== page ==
Louth Navigation

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Remains of a lock at Alvingham
Louth Navigation
Humber Estuary/North Sea
Tetney lock bridge
Tetney lock (location of)
A1031
Firebeacon bridge
Out Fen Lock (remains of)
Alvingham Lock (remains of)
Salter Fen Lock (remains of)
Willow's Lock (remains of)
Ticklepenny's Lock (remains of)
Keddington Church Lock (remains of)
Tilting weir (site of Top lock)
Louth River Head


The Louth Navigation was a canalisation of the River Lud. It ran 11 miles from Louth to Tetney in Lincolnshire, England, through 8 locks.

Construction[edit]

6 of the 8 locks were built in an unusual way with the sides of the lock chambers consisting of 4 elliptical bays, this was apparently to make them stronger. Some of these locks still survive, the remains of one can be seen at Alvingham.[1] The two other locks had conventional straight walls.

History[edit]

The canal obtained its Act of Parliament in 1763 (although the canal had been planned as far back as 1756) and construction started in 1767. The canal opened in 1770. The canal cost £28,000 to build and was able to carry seagoing boats.

For much of its life the canal was leased by the Chaplin family who were able to run it at something of a profit with estimated tolls getting as high as £5,000 a year in the late 1820s.[2]

The coming of the railways lead to a decline in the use of the canal and the First World War killed what traffic was left. The final blow was the devastation caused by the Louth Flood of 1920 to the Riverhead area, the terminus of the canal. The canal closed in 1924.

Louth Navigation Trust[edit]

The Louth Navigation Trust have since restored the tow path which may be walked and parts of the canal are in shallow water. They are engaged in a scheme to restore the full length of the canal by 2020. The Louth Navigation, unlike many other disused canals, is in water throughout its length and has not been in-filled or built over as it is important for drainage of the surrounding land. Several formerly movable bridges have since been replaced with fixed bridges. The eight locks are in varying states of repair; two have been completely obliterated, Alvingham lock (pictured) is the best surviving example.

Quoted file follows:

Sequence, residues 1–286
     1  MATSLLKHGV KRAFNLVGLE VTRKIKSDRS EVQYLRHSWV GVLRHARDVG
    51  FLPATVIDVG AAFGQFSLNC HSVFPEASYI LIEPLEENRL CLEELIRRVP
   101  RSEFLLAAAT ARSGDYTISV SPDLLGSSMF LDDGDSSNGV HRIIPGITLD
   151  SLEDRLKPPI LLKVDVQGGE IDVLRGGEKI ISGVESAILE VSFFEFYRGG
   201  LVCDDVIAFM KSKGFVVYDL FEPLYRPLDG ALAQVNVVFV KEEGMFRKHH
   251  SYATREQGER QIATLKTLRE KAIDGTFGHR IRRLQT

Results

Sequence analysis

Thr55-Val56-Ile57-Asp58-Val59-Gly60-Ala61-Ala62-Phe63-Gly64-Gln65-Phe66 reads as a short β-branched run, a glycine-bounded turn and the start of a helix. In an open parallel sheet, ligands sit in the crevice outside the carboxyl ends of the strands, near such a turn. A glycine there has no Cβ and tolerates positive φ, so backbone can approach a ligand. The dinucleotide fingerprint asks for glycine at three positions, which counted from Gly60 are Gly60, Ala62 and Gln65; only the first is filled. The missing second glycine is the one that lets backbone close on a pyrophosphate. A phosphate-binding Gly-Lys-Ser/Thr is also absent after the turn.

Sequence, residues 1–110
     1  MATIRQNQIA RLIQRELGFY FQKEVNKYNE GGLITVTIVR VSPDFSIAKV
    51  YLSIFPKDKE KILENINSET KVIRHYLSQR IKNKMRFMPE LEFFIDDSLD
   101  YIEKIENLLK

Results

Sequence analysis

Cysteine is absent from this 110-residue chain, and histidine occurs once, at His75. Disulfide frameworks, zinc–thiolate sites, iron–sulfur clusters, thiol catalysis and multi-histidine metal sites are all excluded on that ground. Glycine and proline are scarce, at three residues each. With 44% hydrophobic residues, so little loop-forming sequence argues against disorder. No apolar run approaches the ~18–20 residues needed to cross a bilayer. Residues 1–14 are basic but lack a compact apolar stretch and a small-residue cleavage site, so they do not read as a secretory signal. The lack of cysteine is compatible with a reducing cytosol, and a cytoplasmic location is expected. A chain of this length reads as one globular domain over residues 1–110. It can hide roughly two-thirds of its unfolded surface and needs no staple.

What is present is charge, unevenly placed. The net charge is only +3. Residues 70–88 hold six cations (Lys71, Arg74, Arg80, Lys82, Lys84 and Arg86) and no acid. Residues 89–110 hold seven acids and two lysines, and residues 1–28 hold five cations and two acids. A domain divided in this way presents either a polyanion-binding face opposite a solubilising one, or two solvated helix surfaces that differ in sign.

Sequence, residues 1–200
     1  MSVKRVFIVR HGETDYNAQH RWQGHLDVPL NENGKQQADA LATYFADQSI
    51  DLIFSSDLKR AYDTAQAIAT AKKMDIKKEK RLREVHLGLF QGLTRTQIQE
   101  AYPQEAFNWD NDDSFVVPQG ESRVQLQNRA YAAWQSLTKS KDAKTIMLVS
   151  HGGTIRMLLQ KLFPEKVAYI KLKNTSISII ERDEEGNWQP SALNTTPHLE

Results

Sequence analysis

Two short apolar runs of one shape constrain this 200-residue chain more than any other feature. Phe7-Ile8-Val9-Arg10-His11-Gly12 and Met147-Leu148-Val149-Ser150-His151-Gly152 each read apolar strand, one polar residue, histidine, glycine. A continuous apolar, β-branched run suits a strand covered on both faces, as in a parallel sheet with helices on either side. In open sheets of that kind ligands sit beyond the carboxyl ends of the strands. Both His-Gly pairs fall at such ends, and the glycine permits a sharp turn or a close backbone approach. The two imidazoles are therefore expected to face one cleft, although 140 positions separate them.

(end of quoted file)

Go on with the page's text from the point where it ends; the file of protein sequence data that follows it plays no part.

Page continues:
Selection of photographs from the collection on Wikimedia Commons
Three-story red brick warehouse built for the Canal company. Slate roof, white painted window frames and gabled hoist door on third floor.
Navigation warehouse at Austen Fen 
Aerial shot of the canal, with the Austen warehouse central
Aerial View at Austen Fen 
From the parapet of a lichen covered concrete bridge we are looking along the line of the navigation, which stretches dead straight to the horizon.  It is well filled with placid water. There are wide, grass-covered embankments on each side, with wide grassed tracks on top.  To the side are fields of ripened wheat, the nearest just harvested.  A few oak trees stud the distant embankments.  It is a glorious summer day with a deep blue Lincolnshire 'big sky', studded with small fluffy white clouds.
The Channel near Alvingham 
The best preserved of the lock chambers at Alvingham, the retaining walls of brick and stone are intact, but there are no gates. We are looking downstream, away from the weir formed by the upstream sill, which is not visible. On either side of the channel are flat green meadows, and framing those to the edges of the picture are dense woodland.  It is a bright sunny day and the trees and grass are a bright green.  The data for the picture say it was taken in October 2007, but the vivid green of most of the trees, and particularly one just on the right of the lock, looks like spring.
Alvingham lock 
Image showing the construction of Ticklepenny Lock
Ticklepenny Lock 
Aerial photograph of warehouse by the Louth Canal at Firebeacon Bridge.  This extraordinary brick building is over 50 metres long.
Firebeacon Bridge 
Aerial photograph of Willows Lock, Keddington
Willows Lock 
Aerial photograph of Willows Lock, Keddington
Willows Lock 

See also[edit]

References[edit]

  1. ^ "Ice damage threatens historic lock's future". BBC News (BBC). 20 January 2011. Retrieved 21 May 2012. 
  2. ^ Lost canals and Waterways of Britain Ronald Russell page 217 ISBN 0-7153-8072-9

External links[edit]

Media related to Louth Navigation at Wikimedia Commons

Coordinates: 53°27′10″N 0°02′11″E / 53.4527°N 0.0363°E / 53.4527; 0.0363